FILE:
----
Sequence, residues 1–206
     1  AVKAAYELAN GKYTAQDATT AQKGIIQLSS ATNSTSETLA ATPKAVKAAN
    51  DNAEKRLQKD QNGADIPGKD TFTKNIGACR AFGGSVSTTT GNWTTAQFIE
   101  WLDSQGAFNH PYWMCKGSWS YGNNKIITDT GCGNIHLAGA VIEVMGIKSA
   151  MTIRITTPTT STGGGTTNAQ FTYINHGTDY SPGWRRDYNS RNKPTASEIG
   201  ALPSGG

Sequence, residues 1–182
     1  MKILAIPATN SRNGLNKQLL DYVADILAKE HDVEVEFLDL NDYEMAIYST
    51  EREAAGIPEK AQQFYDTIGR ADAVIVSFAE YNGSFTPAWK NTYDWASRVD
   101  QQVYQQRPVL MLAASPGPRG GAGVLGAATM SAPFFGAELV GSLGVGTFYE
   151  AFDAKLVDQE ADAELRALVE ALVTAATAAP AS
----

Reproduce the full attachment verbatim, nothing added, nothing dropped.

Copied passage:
Sequence, residues 1–206
     1  AVKAAYELAN GKYTAQDATT AQKGIIQLSS ATNSTSETLA ATPKAVKAAN
    51  DNAEKRLQKD QNGADIPGKD TFTKNIGACR AFGGSVSTTT GNWTTAQFIE
   101  WLDSQGAFNH PYWMCKGSWS YGNNKIITDT GCGNIHLAGA VIEVMGIKSA
   151  MTIRITTPTT STGGGTTNAQ FTYINHGTDY SPGWRRDYNS RNKPTASEIG
   201  ALPSGG

Sequence, residues 1–182
     1  MKILAIPATN SRNGLNKQLL DYVADILAKE HDVEVEFLDL NDYEMAIYST
    51  EREAAGIPEK AQQFYDTIGR ADAVIVSFAE YNGSFTPAWK NTYDWASRVD
   101  QQVYQQRPVL MLAASPGPRG GAGVLGAATM SAPFFGAELV GSLGVGTFYE
   151  AFDAKLVDQE ADAELRALVE ALVTAATAAP AS